A couple of weeks ago I decided to go to a high school football game at one of our local schools. I have always enjoyed high school sports, and on this bright, cool day, the play was spirited.
I wandered over to the concession stand just to see what was being offered and discovered that the prices were reasonable. Although I decided not to eat, the food also appeared to be healthier than what you would find at a professional stadium. I swear an ambulance should be waiting outside these pro sporting events to take people to the cardiologist.
I nearly suffered a cardiac episode myself at an Orioles game at Camden Yards a few years ago when I saw what they were charging for cotton candy — a dentist's best friend. To charge over a buck for what is essentially spun air is outrageous. I would be embarrassed to ask people to pay for what is, in reality, nothing.
I have always enjoyed the atmosphere at a high school sporting event. You will invariably meet someone there for a chat. The crowds are generally small, the bands are great and you can actually see the play on the field.
Then there's professional football games, where often the cheerleaders and the bands are better than the actual teams themselves.
The walk from the parking lot to the stadium entrance is one fraught with danger. You have to step over the broken beer bottles, and navigate through individuals who are tailgating a little too hard.
At high school stadiums, there is no pat down. At professional football games, you have to enter almost naked. You have already been told not to bring anything inside the stadium, except for your wallet of course. And if you happen to want to bring your children to the game, be prepared to pay an arm and a leg.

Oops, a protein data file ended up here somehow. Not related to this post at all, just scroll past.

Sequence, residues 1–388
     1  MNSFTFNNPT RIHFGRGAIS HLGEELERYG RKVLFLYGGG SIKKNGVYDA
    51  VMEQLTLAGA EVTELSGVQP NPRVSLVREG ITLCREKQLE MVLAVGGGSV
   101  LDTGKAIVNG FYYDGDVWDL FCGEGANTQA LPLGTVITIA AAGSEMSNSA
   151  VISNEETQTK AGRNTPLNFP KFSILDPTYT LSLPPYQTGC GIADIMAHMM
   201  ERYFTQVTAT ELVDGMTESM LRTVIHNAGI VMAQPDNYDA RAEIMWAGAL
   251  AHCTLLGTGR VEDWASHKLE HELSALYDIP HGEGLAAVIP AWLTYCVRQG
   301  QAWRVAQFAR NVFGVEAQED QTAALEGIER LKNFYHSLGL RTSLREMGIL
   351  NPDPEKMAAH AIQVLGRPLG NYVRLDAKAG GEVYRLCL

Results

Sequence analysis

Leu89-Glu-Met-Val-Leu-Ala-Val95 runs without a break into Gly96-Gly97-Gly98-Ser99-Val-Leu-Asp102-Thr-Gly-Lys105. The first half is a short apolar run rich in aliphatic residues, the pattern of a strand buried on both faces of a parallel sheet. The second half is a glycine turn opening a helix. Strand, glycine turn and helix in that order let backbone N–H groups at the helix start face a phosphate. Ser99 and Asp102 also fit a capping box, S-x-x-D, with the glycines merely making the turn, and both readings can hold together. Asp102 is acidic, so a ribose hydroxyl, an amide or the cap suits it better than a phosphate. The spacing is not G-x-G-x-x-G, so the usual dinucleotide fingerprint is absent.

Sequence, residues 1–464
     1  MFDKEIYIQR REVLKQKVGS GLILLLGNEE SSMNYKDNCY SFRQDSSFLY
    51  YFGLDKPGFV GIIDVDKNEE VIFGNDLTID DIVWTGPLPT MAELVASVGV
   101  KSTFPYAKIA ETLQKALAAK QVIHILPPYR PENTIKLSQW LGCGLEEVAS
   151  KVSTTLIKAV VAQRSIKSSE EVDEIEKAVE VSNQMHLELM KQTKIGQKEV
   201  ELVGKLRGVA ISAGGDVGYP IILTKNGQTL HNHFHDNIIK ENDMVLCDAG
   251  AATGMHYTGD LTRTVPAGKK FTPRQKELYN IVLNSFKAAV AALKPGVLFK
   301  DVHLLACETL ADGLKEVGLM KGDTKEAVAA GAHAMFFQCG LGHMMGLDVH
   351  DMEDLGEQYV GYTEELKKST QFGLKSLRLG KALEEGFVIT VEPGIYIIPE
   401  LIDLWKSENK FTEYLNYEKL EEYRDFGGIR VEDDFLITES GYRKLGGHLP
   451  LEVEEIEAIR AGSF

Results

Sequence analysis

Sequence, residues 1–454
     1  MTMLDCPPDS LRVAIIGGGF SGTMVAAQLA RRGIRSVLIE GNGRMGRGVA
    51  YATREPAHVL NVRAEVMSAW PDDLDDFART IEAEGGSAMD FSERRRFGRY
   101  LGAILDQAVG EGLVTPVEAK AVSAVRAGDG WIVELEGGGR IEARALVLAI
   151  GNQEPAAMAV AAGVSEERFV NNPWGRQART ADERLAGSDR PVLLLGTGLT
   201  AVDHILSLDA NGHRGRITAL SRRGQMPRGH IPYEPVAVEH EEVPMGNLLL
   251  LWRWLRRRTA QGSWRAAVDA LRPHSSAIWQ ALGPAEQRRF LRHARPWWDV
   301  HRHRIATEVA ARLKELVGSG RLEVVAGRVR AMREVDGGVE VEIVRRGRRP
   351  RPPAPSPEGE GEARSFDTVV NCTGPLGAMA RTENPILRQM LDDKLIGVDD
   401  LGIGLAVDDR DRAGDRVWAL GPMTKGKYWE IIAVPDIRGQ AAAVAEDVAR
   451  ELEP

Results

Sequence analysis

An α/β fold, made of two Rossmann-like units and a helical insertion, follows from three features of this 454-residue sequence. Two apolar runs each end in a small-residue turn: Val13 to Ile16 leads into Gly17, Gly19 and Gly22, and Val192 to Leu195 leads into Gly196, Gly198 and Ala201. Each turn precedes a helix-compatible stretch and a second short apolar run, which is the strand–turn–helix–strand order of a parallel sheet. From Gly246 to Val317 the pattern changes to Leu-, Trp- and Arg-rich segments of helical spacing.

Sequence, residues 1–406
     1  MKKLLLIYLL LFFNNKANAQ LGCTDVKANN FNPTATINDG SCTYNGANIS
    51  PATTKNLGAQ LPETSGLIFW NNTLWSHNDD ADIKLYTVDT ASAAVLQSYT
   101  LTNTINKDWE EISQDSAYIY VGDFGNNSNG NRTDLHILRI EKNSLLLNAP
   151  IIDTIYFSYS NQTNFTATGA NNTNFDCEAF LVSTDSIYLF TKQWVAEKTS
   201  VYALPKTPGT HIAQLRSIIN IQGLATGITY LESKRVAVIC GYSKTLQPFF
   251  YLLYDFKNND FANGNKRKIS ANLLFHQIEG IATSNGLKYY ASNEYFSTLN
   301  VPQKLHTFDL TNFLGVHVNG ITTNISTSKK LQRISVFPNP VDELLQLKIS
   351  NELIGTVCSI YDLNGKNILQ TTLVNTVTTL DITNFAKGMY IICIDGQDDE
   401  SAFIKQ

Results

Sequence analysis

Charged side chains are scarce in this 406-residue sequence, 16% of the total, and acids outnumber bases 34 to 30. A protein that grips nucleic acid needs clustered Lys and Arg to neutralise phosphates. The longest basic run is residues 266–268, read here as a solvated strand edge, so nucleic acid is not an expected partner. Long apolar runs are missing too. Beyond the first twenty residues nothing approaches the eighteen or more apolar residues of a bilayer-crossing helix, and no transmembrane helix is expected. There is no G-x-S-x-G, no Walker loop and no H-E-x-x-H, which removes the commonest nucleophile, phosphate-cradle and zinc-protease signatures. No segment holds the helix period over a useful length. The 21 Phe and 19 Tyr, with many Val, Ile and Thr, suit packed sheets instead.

Then you are seated behind someone who is either seven feet tall or is wearing a crazy hat. And let's not forget, when it's third down and everybody stands, you can only see the logo on the back of the jeans of the person seated in front of you.
At high school games, you almost never see fans escorted out of the stadium by police. But at the professional level, the question isn't if it will happen, it's how many times.
After high school events, the discussion following a game lasts for a couple of hours. After a professional game, the talk seems to be endless and going nowhere. And as for those who attended the game, all they are reaching for is the Pepto-Bismol.
Columbia Association makes tennis hire
The Columbia Association has a new tennis general manager.
Anish Manrai, a 35-year-old from Mumbai, India, previously was the director of tennis at the Midtown Athletic Club in Palatine, Ill. He had been at Midtown for the past 11 years, and in 2010, he was named both the Illinois Professional and Player of the Year.
He received his master's degree in international business from the University of Sydney in Australia. He completed his undergraduate work at Mumbai University. He was vice president of the United States Professional Tennis Association in Illinois, and is currently a member of the Wilson Advisory Staff and Adidas Tennis National Advisory Board.
He described his new position here as bringing a great opportunity. "The people here have been phenomenal and I've been well received," he added.
Anish replaces the late Brenda DeCesare as general manager. Brenda passed away on Aug. 2.Copyright © 2014, The Baltimore Sun